By now you’ve seen a lot of predictions for the wonderful things that will happen in the year 2020. This is partly because we’ve reached the point where technology changes are compounding by building on each other. But it’s also partly because the idea of “2020” grabs the imagination because it sounds cool. The challenge is knowing which prediction is which.
For example, and I know this will be a crushing disappointment, we’re not going to see flying cars in 2020. Like many things that won’t happen in 2020, flying cars depend on more than just the technology. They also depend on government regulators. To get an idea how that affects progress, just look at how long it’s taken to get drone regulations figured out.
The California Consumer Privacy Act went into effect on Jan. 1, 2020. It was inspired by Europe’s General Data Protection Regulation, and it governs how entities doing business in California handle consumer privacy. About half of the states in the U.S. are in the process of enacting their own privacy laws, and as you’d expect, there’s little commonality among them. And of course the federal government is considering privacy legislation.
As you would expect in this age of heightened partisanship in Congress, there are two bills--one of which from the Republicans, which is actually more strict than the California law--and which overrides state provisions. The Democrats in Congress have their own bill, which is somewhat different from the Republican bill and which does not override state laws. With the bill the Democrats are proposing, you’d have to comply with the federal bill and with all of the different state laws where you do business.
The long-awaited 5G expansion will finally take hold in 2020, but it may not be the 5G you were expecting. T-Mobile kicked off the expansion in December 2019, and AT&T followed suit by announcing that it will launch widespread 5G early in 2020. But in both cases these are low-band 5G deployments. T-Mobile launched its nationwide 5G in the 600 MHz band, and AT&T is launching in the 850 MHz band.
Both carriers are able to cover large areas with these relatively low frequencies, but those blazing speeds you’ve heard about for 5G won’t be there. That high-speed communications will have to wait for widespread millimeter wave signals, and because of the vast number of cells required, won’t appear for at least five years. Meanwhile, carriers will begin implementing mid-band 5G, but that won’t really be under way in 2020.
You’ve heard a lot about autonomous cars, and you’ll hear more as some moron kills himself or someone else while sleeping in his Tesla as it plows through a construction zone or blows past a school bus. But there’s more to autonomy than self-driving cars. What will matter more to your business are autonomous trucks and delivery vehicles. Autonomous tractor-trailers are already being routinely tested on public highways in Virginia with good success, as are autonomous buses.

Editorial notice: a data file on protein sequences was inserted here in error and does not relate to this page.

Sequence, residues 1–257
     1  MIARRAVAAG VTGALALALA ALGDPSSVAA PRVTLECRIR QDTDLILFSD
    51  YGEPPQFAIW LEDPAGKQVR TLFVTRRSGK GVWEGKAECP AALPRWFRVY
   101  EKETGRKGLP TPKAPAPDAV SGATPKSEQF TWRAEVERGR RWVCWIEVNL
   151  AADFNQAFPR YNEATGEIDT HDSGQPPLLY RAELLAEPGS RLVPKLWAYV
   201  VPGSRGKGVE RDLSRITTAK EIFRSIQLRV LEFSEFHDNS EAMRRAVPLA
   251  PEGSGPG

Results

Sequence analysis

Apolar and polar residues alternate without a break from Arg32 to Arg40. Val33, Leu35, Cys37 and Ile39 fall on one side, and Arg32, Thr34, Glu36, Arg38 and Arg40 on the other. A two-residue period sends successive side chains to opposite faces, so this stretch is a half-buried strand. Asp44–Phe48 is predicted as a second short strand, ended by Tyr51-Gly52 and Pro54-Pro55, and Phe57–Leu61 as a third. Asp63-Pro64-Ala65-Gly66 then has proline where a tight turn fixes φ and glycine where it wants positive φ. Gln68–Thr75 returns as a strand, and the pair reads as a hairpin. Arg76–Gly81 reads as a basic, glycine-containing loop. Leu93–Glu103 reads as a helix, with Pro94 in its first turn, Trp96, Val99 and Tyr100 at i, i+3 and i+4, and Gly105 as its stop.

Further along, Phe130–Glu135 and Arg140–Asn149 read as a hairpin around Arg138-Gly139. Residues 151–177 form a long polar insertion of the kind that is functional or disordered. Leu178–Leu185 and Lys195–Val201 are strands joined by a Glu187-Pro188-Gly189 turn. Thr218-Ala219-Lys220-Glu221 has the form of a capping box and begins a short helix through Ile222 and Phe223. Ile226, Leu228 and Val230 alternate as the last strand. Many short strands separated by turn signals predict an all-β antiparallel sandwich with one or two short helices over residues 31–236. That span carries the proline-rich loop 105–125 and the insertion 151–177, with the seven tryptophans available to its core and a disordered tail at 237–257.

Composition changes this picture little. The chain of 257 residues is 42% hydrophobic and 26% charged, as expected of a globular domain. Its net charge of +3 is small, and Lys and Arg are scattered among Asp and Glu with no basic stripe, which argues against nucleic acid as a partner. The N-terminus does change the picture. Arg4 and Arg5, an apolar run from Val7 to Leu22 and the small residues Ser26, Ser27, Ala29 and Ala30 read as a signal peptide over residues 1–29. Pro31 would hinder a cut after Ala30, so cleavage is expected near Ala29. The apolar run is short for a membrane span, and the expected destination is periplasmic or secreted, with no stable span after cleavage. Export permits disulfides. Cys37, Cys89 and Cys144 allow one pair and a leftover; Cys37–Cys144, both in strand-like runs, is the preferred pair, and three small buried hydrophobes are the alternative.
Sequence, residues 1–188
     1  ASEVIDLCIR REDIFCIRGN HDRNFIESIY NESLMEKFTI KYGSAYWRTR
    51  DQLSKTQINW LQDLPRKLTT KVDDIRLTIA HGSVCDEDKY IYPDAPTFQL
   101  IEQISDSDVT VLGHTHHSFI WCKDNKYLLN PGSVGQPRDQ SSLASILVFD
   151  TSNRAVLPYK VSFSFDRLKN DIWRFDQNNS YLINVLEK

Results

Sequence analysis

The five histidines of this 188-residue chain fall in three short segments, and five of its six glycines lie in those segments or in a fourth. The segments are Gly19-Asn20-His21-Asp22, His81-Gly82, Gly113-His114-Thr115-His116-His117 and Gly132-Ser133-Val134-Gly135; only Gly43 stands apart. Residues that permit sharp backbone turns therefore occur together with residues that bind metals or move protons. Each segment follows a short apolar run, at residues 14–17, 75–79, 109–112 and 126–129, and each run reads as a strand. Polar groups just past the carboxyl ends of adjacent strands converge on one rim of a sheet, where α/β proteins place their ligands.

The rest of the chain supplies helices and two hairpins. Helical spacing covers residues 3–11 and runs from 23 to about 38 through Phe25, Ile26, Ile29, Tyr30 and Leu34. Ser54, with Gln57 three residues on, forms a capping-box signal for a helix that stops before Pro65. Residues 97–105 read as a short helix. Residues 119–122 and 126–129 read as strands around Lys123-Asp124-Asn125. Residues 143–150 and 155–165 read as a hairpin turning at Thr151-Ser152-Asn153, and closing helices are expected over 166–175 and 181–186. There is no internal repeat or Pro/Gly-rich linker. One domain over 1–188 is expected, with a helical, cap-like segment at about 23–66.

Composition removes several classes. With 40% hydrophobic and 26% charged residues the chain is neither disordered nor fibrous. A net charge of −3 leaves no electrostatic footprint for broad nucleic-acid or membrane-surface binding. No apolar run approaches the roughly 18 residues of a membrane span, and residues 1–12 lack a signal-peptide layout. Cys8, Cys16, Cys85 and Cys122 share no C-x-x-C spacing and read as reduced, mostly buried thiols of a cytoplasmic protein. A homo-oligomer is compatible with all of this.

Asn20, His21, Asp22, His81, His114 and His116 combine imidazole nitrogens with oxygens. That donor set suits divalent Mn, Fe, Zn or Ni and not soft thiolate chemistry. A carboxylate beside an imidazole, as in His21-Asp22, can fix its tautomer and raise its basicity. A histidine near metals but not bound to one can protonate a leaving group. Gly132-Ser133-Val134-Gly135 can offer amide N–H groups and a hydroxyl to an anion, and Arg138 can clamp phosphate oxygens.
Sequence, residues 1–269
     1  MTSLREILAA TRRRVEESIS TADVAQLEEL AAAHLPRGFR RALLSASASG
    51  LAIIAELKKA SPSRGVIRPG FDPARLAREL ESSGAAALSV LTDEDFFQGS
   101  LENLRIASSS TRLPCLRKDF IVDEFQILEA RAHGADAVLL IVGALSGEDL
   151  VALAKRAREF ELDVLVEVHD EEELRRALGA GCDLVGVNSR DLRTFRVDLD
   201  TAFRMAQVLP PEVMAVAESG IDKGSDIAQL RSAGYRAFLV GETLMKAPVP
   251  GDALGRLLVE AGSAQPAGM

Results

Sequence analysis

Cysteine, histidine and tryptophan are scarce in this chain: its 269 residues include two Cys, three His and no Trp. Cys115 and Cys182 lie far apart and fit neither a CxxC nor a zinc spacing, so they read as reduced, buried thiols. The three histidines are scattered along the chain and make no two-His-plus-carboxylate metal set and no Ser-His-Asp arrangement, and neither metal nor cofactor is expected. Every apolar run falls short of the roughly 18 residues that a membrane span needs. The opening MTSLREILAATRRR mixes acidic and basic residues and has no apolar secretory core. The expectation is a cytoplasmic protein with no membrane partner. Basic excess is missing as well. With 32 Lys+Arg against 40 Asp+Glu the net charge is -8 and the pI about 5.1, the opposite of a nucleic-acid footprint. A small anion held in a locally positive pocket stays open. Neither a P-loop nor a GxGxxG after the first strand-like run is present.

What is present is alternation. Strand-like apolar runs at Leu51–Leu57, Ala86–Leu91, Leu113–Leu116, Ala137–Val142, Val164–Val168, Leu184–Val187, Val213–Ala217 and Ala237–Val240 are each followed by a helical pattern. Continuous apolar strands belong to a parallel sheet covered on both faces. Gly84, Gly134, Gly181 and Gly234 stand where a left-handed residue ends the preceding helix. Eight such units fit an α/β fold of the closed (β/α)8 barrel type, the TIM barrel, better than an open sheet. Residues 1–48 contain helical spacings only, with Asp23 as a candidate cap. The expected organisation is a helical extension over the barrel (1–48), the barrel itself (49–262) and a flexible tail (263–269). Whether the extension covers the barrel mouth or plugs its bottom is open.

It’s in handling routine driving tasks, whether it’s between trucking terminals, on shuttle bus routes or whether it’s handling delivery of materials from the warehouse to production where autonomy shines. Municipalities are already being asked to approve autonomous shuttle busses, and state highway departments are seeing the first requests for commercial autonomous trucks. This is a trend that will accelerate during 2020, because it presents a clear business case and a solution that’s already available.
The differences between the edge and the cloud will begin to fade away. Computing power will be placed where it makes the most sense, and because of improvements in networking, such differences will simply not matter. You will see more of what’s called distributed clouds, where the computing power for public clouds aren’t limited to the cloud provider’s data center. You will also see more emphasis on edge computing with the processing power located near to where the work is being done.
While the main data centers of the cloud providers will still be there, the distributed cloud will be located elsewhere, including at the edge. This will enable edge computing and cloud computing to realize the speed and reduced latency that today’s platforms require, while still supporting the services that are critical to the success of cloud services.
AI as a Service
Artificial intelligence has become a looming possibility to futurists who worry that the machines will take over. However, in real life, AI and machine learning will become critical to the handling of ever-increasing complexity in IT. AI is already starting to become a major factor in dealing with security because it can link widely disparate events to determine trends. But AI can go far beyond that.
IBM, Microsoft and Google are already providing access to AI in their cloud services and are continually adding features and capabilities to make their AI services more useful to their respective customers. As IT becomes more complex, AI will become more important. But for 2020 at least, it will grow mostly in the cloud, because providing the resources to support AI development will be beyond the capabilities of most companies.
Of course, there are a lot of other things that will happen in 2020 that we’re not covering here. There will be new display technologies that will knock your socks off, assuming the human eye can discern them. Passwords will start being phased out as biometrics improve. Encryption might be declared illegal while also being required.
Oh, and the Washington Nationals will repeat as World Series winners in the same year that the Washington Capitals repeat with the Stanley Cup.